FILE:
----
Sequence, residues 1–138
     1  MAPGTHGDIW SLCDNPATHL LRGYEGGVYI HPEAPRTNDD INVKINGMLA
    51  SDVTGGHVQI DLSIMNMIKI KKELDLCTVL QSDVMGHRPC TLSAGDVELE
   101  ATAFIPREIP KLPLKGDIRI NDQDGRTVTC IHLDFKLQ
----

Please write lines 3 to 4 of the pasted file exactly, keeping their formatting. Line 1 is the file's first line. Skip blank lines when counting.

    51  SDVTGGHVQI DLSIMNMIKI KKELDLCTVL QSDVMGHRPC TLSAGDVELE
   101  ATAFIPREIP KLPLKGDIRI NDQDGRTVTC IHLDFKLQ